And it’s the ‘splaining that’s the bugaboo. It’s also at the heart of the kind of blogging I try to do and enjoy doing; which tends to mean longer posts, with lots of links, that attempt to pull various items and issues into a particular context.
And I’ve explained why I do the kind of blogging I do.
I could probably generate 10 or more posts a day if most of them consisted of one word, maybe one sentence, a link, and a blockquote. But that’s hardly what I’d call "original content." ("Excellence" and "importance" are subjective, I think, and depend entirely on the audience you’re writing for.) Besides, that’s not writing. That’s aggregating, and there are already plenty of aggregators out there.
It’s also just the way my mind works, in a kind of perpetual "associative mode." I can’t think of just one thing at a time. That is, I can’t think of one thing without also thinking of how it relates to something else. How it plays out in my blogging is that I read something, and immediatly think about how it relates to something I read before and/or posted earlier. Once that happens, leaving out those other threads feels like an incomplete picture to me. So I end up with longer posts that link all over the place, or series of posts.
…I guess whether I’m shooting myself in the blog depends on what I’m aiming for. After the brouhaha over the Clinton blogger lunch, I took a long hard look at what I’m doing as a blogger and why I’m doing it.
The bottom line is that the kind of blogging I do, and the stuff that I’m passionate about, isn’t a major draw as far as traffic is concerned, and I’m not willing to make the changes I’d have to make to have a shot at broader appeal and more traffic. But I think I’ve been pretty successful based on the response for the audience that does exist for what I do here. Add a full time job and a family to the mix, and even I’m surprised I’ve been able to do as much as I have. (Actually, I’m not once I factor in how much sleep I’m not getting, because I’m often up until 2am writing.)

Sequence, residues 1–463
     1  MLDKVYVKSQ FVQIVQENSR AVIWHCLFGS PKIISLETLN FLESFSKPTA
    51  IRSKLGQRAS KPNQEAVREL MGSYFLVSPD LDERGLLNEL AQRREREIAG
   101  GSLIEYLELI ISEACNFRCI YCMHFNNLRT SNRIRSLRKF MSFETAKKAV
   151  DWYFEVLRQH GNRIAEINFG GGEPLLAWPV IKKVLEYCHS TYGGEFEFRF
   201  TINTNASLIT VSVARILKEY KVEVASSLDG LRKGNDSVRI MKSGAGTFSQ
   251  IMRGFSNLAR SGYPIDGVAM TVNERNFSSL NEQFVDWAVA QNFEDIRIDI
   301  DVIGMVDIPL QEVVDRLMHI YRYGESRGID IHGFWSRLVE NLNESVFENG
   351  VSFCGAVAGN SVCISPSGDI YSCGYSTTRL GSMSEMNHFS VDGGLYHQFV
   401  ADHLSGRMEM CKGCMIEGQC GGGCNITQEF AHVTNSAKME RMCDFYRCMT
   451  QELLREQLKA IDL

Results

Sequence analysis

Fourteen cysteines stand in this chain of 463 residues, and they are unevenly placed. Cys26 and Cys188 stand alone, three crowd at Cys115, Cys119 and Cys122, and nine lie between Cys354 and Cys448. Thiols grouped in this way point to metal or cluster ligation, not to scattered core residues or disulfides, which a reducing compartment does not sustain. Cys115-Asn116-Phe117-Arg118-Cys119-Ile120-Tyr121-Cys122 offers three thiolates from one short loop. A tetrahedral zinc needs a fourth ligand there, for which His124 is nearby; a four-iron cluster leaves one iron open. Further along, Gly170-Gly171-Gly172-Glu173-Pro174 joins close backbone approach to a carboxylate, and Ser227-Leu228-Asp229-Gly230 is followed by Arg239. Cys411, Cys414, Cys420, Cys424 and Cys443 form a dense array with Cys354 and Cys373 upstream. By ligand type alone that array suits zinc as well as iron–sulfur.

…I decided a while back that my goal is to do the kind of writing I enjoy doing, for whomever wants to read it. (And, for the record, I also stopped caring who links to me and whose blogroll I’m on, even though some people seem to read any attempt at analysis as "whining" if it’s longer than three short paragraphs.) It was a kind of epiphany, actually. I realized that what I wanted to do was exactly what I was already doing, and that I’d been doing it pretty well. What I kept tripping over was my own unquestioning acceptance of the contentional definition of "success." Well, no more.